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Since there is a need for a PLC, I would consider bringing in the humidity too and let the PLC run the exhaust fan. Then you can run the fan on a periodic basis whether the humidity is high or not and that can help a great deal getting the CL2 out of the room. Also, you can report the humidity back to them. We have a couple of sites where they have humidity monitoring and they can tell right away when a pump seal is leaking if there is a spike in the trend not due to weather.

If you put the pressure sensors in the PLC and let the PLC run the VFD command, there are more advantages than disadvantages in my opinion. The big disadvantage is that if the PLC goes kaput, then you can't run the VFD in hand with pressure control. The advantages include being able to do whatever your imagination conceives with the pump speed. You could limit the pressure command, use steps to incrementally raise it, the sky is the limit.

I would not be surprised if you could go tweak some settings, validate the sensor wiring and make the junk behave with just a few hours time on site. I have seen situations like this. One place had replaced a 150psi sensor with a 200psi sensor and didn't "tell the drive" so yeah, it was running way too high. They also had a faulty gauge so it was not obvious. Another site was all wired right and the VFD was programmed right, but it was in the wrong mode so running at a fixed speed instead of using the sensor.

I like to use Micrologix PLCs with the 1761-NC01 board and Modbus comms to the drives. Then you can tell if the keypad is in auto or hand mode, monitor motor current, and everything else about the drive you might want. This may not seem important but will pay off when they call you in the middle of the night and you can log into their office or look at a picture of a screen with drive details to tell you what is really going on without taking a road trip. It also can cost less in hardware than analog signals and make wiring very simple.

The PID programming and adjustment for pressure control with the sensor on the discharge is not terribly challenging, so the risk of overshooting is low if you cover all your bases not the least of which is detecting a failure of the sensor. With that said, I have seen every possible mode of failure of pressure sensors in the last year. I have one I keep on the bench that puts out 20.5 milliamps at all times. I have another one that "froze" at 16.5mA. Programming to detect these possibilities is a good idea.

Also, I think I saw check valves in the pictures on the pump discharge lines, so (if they are working) that should prevent backdriving the pumps and backflow into the sump.

One more thing, in rooms with chemicals, especially CL2, I try to use poly or fiberglass enclosures. I have had great service and pricing from Wistex for boxes up to 20 x 16 which is adequate for many of my small PLC/RTU panels.

https://www.wistexllc.com/enclosures...-assembly.html
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Last edited by OkiePC; November 15th, 2018 at 02:16 PM.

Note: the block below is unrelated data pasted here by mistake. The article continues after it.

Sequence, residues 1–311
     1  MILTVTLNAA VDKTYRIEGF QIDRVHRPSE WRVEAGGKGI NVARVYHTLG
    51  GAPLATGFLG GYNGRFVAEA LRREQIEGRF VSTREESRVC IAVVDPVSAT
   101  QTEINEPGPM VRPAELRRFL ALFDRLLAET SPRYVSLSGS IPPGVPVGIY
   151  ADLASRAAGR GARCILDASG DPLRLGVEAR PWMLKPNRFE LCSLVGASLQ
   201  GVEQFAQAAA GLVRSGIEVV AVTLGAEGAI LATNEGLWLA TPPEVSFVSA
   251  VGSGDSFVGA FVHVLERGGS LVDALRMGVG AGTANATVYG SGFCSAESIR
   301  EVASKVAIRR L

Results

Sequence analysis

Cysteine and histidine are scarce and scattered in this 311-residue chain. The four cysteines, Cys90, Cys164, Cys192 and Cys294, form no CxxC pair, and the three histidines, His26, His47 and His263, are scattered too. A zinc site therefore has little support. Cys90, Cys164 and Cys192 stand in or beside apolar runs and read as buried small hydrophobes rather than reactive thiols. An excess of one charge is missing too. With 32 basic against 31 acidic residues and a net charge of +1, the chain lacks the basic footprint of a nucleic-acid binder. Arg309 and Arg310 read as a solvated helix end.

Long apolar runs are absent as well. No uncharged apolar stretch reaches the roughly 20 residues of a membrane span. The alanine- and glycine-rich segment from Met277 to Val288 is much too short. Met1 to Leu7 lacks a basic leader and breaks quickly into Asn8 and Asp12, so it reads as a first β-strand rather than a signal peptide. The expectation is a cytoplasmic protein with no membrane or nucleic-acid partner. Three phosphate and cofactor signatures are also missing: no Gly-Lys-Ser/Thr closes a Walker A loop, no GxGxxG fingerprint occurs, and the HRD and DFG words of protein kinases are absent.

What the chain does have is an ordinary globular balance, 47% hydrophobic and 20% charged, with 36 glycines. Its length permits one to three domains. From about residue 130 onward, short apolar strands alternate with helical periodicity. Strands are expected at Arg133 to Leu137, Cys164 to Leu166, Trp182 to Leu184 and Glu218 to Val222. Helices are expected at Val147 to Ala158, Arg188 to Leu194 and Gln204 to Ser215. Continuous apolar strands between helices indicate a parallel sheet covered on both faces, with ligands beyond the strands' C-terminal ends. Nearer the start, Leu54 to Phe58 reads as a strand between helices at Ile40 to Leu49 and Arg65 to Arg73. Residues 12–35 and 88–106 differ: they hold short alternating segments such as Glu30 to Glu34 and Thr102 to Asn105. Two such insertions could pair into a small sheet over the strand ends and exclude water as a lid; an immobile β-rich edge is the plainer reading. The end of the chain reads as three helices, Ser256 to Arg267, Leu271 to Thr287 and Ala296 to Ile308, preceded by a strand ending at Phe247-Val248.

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Old November 15th, 2018, 02:32 PM   #24
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Quote:
Originally Posted by OkiePC View Post
Since there is a need for a PLC, I would consider bringing in the humidity too and let the PLC run the exhaust fan. Then you can run the fan on a periodic basis whether the humidity is high or not and that can help a great deal getting the CL2 out of the room. Also, you can report the humidity back to them. We have a couple of sites where they have humidity monitoring and they can tell right away when a pump seal is leaking if there is a spike in the trend not due to weather.

If you put the pressure sensors in the PLC and let the PLC run the VFD command, there are more advantages than disadvantages in my opinion. The big disadvantage is that if the PLC goes kaput, then you can't run the VFD in hand with pressure control. The advantages include being able to do whatever your imagination conceives with the pump speed. You could limit the pressure command, use steps to incrementally raise it, the sky is the limit.

I would not be surprised if you could go tweak some settings, validate the sensor wiring and make the junk behave with just a few hours time on site. I have seen situations like this. One place had replaced a 150psi sensor with a 200psi sensor and didn't "tell the drive" so yeah, it was running way too high. They also had a faulty gauge so it was not obvious. Another site was all wired right and the VFD was programmed right, but it was in the wrong mode so running at a fixed speed instead of using the sensor.

I like to use Micrologix PLCs with the 1761-NC01 board and Modbus comms to the drives. Then you can tell if the keypad is in auto or hand mode, monitor motor current, and everything else about the drive you might want. This may not seem important but will pay off when they call you in the middle of the night and you can log into their office or look at a picture of a screen with drive details to tell you what is really going on without taking a road trip. It also can cost less in hardware than analog signals and make wiring very simple.